Biologically, we found that tumor stage was related to antigen presentation, cell adhesion and migration, bone mineralization, and epithelial cell differentiation, and that lymphovascular or neural invasion was related to cell adhesion, immune response, and sensory perception. We also found that serine-type enzyme activities, high-density lipoprotein binding, pancreatic RNase activity, and glycolysis/gluconeogenesis were related to tumor stage, and that various structural molecules, hormones, serine-type enzyme activities, phosphate transport, the metabolism of the ECM and related molecules, and high density lipoprotein binding were related to lymphovascular or neural invasion. Synchronous adenoma was related to protein biosynthesis, ribosomal proteins, and MHC class I receptor activity. We found that five genes (PNPT1, BAI2, VEGFC, RPS6K6A, FGF5) were upregulated and three (ADCY1, ATAD3B, CAP1) were downregulated in association with tumor stages; that two genes (CCL16, NOTCH3) and four genes (MMP12, RAP1GDS1, STOML1, DHPS) were up- or down-regulated, respectively, in association with lymphovascular or neural invasion, and that five genes (PARP2, MRPL21, MRPL16, MKKS, LHX2) were upregulated but no gene was downregulated in association with synchronous adenoma (P < 0.001).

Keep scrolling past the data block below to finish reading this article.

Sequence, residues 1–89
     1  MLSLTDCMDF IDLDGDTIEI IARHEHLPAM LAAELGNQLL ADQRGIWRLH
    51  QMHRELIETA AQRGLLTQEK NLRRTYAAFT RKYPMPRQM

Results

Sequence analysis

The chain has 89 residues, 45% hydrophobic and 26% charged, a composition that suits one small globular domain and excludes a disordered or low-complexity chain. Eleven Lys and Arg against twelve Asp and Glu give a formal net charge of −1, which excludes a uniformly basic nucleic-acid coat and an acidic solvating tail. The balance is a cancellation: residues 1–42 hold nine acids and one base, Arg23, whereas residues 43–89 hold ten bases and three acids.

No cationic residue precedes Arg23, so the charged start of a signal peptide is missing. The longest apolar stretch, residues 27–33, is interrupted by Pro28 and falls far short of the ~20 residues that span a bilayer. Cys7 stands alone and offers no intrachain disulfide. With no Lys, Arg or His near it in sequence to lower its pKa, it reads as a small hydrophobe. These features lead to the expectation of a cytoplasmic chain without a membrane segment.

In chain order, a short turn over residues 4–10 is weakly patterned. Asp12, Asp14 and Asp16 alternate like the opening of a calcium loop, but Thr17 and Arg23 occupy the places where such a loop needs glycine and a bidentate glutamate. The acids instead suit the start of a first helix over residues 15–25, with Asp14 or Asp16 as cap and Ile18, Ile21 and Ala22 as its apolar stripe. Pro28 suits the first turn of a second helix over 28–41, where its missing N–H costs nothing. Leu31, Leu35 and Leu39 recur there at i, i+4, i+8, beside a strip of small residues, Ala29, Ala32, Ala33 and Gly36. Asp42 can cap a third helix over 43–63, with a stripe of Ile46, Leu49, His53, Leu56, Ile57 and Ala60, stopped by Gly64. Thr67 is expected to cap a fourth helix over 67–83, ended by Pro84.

Distinctive molecular changes, such as APC mutations and MMR defects, are respectively associated with two types of hereditary colorectal cancers, familial adenomatous polyposis and hereditary non-polyposis colorectal cancer. Although these hereditary tumors constitute fewer than 5%-8% of all colorectal cancers, the molecular changes identified in hereditary tumors are important in sporadic colorectal cancers[14,18,19]. The tumor suppressor APC is the major regulator of canonical Wnt signaling; these two proteins form a multi-protein complex encompassing kinases such as GSK-3β, CK1, and Axins, to prevent colorectal tumorigenesis[5]. Mutations in the oncogenes RAF and RAS are closely associated with MMR defects, and may act as alternative tumor-initiating steps that synergize with DNA methylation and occur within the context of serrated polyps[19,20]. The p53 protein, which normally induces G1 cell cycle arrest to facilitate DNA repair during replication, cannot induce cell cycle arrest when mutated in later stages of the adenoma-carcinoma sequence, thus leading to cell proliferation[21].